Death Rate In U.S. On The Decline

The Death Rate in the United States is on the decline, and that’s good news.

Researchers found during a 75 year study, that the average age for passing away in the US has increased.

Therefore, the death rate in the US has been declining, according to the study that began in 1935.

They have seen a decline in the national death rate largely due to the improvement in health care and the declining rate of smokers. According to their research from 1935 to 2010, the death rate has declined by 60%.

The average age one could expect to live until in 1935 was 65, that was if they survived to adulthood. There was a high rate of infant deaths at that time, which actually brought the median age to lower then that.

However, in 2010 the average lifespan was 78-years-old.

“Overall, the improvement in mortality has been significant over the last 75 years,” said report author Donna Hoyert, a health scientist at CDC’s National Center for Health Statistics.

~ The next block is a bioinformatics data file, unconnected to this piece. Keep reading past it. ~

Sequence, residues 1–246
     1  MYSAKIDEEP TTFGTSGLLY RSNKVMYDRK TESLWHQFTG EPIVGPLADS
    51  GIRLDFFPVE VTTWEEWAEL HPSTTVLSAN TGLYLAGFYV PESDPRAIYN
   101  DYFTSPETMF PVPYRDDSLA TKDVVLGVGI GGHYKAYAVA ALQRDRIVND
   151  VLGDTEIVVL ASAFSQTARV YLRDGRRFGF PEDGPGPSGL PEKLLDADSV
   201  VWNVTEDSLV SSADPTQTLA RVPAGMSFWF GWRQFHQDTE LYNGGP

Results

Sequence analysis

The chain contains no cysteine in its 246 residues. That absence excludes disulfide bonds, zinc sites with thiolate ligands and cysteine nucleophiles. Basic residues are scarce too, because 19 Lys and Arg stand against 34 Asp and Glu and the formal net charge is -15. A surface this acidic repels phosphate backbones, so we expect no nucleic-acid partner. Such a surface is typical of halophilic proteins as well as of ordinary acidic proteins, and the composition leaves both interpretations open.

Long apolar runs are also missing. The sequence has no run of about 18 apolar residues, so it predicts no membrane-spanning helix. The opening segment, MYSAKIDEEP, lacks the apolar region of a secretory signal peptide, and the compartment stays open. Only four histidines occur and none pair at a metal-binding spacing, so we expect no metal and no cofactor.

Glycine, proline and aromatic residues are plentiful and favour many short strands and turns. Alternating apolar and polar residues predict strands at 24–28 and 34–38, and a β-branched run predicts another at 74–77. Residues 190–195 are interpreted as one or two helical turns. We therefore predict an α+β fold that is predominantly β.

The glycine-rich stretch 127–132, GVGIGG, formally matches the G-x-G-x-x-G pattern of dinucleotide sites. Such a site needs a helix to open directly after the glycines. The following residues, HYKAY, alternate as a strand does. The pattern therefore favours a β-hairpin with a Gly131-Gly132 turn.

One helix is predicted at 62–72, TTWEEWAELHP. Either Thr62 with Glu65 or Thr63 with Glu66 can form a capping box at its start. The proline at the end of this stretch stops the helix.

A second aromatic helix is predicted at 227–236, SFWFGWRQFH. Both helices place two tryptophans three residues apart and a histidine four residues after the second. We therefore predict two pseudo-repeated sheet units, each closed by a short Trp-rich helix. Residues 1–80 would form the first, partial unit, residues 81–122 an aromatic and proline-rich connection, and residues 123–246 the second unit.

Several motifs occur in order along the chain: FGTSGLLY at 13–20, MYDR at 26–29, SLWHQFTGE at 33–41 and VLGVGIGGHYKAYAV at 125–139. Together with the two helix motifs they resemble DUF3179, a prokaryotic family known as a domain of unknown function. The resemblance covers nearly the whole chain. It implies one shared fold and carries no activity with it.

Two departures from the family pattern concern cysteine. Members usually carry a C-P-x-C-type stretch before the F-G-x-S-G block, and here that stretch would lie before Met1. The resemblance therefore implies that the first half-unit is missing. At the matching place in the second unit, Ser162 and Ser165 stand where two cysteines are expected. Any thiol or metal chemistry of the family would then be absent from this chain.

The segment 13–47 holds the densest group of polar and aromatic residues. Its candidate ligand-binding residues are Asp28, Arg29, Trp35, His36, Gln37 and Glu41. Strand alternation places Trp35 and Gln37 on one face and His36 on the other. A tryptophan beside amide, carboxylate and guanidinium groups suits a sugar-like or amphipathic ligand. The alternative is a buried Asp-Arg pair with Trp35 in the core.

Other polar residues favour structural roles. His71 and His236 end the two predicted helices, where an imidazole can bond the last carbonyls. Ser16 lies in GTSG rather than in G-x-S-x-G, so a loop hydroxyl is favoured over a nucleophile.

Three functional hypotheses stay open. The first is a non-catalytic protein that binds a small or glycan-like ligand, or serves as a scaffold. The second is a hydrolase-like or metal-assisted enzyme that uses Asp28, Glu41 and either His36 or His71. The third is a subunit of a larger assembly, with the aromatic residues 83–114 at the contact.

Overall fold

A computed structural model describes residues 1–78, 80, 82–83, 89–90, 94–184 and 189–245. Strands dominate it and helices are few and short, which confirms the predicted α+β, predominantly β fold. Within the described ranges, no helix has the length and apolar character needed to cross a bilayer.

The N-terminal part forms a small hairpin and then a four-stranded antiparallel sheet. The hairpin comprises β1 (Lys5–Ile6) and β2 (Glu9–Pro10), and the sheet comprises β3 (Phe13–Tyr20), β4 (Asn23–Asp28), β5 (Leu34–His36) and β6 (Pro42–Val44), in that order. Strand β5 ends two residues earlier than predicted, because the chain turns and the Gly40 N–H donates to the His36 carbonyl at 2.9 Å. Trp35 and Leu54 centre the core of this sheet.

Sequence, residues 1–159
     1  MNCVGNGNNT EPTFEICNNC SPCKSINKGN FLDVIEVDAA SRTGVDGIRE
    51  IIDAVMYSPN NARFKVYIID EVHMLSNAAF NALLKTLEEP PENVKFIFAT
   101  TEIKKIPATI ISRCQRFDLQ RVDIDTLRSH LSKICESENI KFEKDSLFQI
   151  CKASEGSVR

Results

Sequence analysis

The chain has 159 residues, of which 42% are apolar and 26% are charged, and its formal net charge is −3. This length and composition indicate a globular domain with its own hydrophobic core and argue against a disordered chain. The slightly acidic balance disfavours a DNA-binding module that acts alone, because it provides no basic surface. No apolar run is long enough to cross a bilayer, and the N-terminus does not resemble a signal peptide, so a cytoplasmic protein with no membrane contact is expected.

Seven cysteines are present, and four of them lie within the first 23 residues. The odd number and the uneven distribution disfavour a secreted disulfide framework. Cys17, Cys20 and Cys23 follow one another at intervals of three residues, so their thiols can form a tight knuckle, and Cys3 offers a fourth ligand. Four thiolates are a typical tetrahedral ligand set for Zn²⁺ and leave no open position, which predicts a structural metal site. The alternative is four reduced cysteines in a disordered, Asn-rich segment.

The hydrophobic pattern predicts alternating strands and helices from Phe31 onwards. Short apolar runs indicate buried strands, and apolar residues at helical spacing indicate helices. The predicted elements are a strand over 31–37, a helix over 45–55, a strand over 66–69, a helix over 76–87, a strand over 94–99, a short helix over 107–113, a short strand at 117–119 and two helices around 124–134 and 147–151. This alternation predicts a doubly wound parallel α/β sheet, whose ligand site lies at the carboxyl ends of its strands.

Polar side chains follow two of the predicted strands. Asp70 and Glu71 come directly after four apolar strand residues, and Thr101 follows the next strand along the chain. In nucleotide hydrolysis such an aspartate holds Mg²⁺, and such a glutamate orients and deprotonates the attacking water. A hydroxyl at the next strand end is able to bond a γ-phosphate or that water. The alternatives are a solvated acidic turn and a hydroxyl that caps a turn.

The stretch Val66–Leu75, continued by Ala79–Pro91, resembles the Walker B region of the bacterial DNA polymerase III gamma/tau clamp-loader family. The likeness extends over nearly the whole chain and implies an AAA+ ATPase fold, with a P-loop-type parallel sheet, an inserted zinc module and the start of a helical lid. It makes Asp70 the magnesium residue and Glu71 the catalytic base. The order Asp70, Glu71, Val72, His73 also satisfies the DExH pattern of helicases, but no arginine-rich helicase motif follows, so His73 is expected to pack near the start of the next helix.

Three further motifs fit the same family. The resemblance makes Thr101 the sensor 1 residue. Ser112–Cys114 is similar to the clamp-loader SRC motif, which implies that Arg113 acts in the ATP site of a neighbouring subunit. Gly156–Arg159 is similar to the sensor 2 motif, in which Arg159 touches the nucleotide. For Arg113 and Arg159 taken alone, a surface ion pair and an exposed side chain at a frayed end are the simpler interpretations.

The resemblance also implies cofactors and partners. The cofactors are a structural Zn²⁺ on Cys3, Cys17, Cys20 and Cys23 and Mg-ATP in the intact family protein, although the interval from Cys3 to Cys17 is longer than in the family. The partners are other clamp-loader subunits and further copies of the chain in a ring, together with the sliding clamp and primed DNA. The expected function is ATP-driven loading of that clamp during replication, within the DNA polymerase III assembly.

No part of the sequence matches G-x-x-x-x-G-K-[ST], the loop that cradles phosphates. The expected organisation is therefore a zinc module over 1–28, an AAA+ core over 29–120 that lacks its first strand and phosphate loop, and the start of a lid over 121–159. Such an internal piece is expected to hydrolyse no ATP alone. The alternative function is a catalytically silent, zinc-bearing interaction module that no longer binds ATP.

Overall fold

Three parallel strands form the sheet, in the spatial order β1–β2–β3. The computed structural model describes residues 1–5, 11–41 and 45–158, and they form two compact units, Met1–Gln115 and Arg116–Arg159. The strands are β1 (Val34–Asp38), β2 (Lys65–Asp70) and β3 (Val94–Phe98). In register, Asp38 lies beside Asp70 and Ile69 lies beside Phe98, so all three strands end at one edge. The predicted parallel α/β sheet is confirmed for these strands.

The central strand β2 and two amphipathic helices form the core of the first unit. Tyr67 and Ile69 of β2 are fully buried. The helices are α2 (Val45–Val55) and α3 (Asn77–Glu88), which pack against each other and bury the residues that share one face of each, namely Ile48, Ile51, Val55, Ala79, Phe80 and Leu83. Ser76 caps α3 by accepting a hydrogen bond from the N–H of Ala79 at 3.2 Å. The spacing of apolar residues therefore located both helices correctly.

“The way we live now is much different than in the [1930s]. In the medical field, there have been advances and changes in behavior over time,” Hoyert added.

The executive dean for education and policy at the University of Miami Miller School of Medicine, Dr. Laurence Gardner agreed, noting that “the big change was the cessation of smoking.”

They found that another large factor in a longer life expectancy was the invention of antibiotic’s in the 1940s. “There were some easily treatable potentially fatal diseases, such as pneumonia, that all of a sudden we got antibiotics for,” Gardner said.

In addition, Gardner explained how within the last 20 years the introduction and improvement of cholesterol-lowering drugs have contributed, by fighting cardiovascular disease.

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